EVER SINCE archeologists
and historians turned their talents to deciphering the unrecorded
past, human beings have dreamed of simplifying the problem for
scientists of the future, deliberately preparing a message from
our time to theirs.
Until recently this
perennial dream has been only a dream. The problem of preserving
such a record is extremely difficult. Crypts on the earth's surface,
no matter how strong, offer obvious temptation to vandals. Most
materials suitable to be deposited in the earth are subject to
rapid corrosion, or are too brittle or too difficult to find
after burial. Too little was known about the effects of time
to permit anyone confidently to design a vessel for the future.
A few months ago engineers of the Westinghouse
Electric & Manufacturing Company decided that the advance
of technology had removed these difficulties at last, and what
hitherto had seemed impossible could now be done.
Early in 1938 they decided upon building a
"Time Capsule" capable of lasting 5,000 years -- a
period of time almost as long as that of all recorded history.
Five thousand years ago the pyramids were still unbuilt. The
peoples of that time had discovered metals, and were using metallic
alloys. They had learned how to write down human speech and record
language on clay tablets and stone. They understood commerce;
they knew how to build huge cities. But they had not yet devised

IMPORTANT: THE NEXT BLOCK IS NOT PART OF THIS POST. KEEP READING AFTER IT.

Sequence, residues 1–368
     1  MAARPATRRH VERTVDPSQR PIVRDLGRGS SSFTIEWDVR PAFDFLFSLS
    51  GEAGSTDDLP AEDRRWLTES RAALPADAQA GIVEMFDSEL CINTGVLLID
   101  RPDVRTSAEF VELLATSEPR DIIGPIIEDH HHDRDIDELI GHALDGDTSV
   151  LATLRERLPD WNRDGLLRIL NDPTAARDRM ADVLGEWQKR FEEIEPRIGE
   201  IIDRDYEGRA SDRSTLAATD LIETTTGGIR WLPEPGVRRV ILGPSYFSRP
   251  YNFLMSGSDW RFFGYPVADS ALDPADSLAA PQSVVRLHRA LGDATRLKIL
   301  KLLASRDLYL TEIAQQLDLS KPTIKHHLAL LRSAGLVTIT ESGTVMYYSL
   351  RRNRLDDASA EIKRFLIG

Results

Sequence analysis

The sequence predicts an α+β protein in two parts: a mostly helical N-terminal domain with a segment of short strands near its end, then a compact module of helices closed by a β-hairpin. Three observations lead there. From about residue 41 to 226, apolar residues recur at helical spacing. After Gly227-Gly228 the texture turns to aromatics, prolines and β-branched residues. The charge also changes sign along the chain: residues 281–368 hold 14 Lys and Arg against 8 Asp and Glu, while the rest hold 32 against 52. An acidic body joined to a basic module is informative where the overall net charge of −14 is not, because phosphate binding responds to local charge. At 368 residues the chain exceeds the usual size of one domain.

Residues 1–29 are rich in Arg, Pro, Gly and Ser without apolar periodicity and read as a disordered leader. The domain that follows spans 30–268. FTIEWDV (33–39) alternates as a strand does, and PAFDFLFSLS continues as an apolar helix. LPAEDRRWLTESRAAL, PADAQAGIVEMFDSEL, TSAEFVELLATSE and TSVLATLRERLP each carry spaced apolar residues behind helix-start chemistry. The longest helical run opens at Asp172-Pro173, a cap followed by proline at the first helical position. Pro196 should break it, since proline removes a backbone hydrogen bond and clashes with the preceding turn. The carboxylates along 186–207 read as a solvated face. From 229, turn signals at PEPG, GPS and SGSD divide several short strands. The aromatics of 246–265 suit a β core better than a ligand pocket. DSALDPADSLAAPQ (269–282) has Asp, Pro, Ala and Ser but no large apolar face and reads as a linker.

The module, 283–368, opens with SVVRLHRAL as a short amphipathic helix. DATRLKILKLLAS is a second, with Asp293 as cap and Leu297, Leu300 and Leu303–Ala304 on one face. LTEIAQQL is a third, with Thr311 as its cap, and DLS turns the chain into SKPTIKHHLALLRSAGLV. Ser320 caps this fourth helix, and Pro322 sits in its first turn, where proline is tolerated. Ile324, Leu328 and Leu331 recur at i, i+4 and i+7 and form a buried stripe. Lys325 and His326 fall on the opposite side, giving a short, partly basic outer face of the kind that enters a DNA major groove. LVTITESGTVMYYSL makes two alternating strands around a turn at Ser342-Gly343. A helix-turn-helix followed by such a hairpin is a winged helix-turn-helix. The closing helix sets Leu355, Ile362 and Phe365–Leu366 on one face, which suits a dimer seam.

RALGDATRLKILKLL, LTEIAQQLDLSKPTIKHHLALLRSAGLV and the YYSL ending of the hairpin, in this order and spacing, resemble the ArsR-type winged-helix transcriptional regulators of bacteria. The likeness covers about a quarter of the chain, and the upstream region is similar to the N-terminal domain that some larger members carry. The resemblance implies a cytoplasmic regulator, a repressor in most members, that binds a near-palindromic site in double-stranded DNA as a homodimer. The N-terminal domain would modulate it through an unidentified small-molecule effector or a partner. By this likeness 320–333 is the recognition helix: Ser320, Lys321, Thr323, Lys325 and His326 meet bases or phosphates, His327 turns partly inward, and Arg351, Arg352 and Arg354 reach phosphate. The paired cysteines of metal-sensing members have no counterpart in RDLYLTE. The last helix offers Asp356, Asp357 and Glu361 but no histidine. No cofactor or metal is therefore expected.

the alphabet, and they did not know of the existance of iron.
Casting the Capsule's shell
in molten Cupaloy
Five thousand years from now the peoples of
the future will look back upon us as we look back on the early
Egyptians, Sumerians and Babylonians. It was the plan of Westinghouse
engineers to provide them with more knowledge of us than we have
of any of the ancient peoples who lived before us.
Three Major Problems
This project clearly required the solution
of three great problems.
The first was, how to build a vessel capable
of lasting 5,000 years, and how to preserve it for posterity.
The second, how to leave word of its where-abouts
for historians of the future.
The third, the selection and preservation
of its contents.
Each of these problems was carefully considered.
At each step, counsel was taken with archaeologists, historians,
technical and scientific men, hundreds of whom participated with
Westinghouse in the working out of this project. A Time Capsule
Committee was formed, which established sub-committees to study
the various questions relating to the plan.
A sub-committee headed by M.W. Smith, Westinghouse
Manager of Engineering, undertook the solution of the first problem:
that of designing and constructing the Time Capsule. It was decided
that the best material would be a metallic alloy of high corrosion
resistance and considerable hardness, non-ferrous (containing
no iron), and preferably consisting principally of copper, oldest
of the metals used by man.
fashion the Capsule
begins to take final form
A new alloy of copper, known as Cupaloy (copper
99.4 per cent, chromium 0.5 per cent, silver 0.1 per cent) was
found most nearly to fulfill the specifications. Like that reputed
to have been used by the ancient Egyptians, the secret of which
has been lost, this metal can be tempered to the hardness of
steel, yet has a resistance to corrosion equal to pure copper.
Also -- of great importance -- in electrolytic reactions with
iron-bearing metals in the soil it becomes the anode and therefore
will receive deposits instead of wasting away, as do buried water-pipes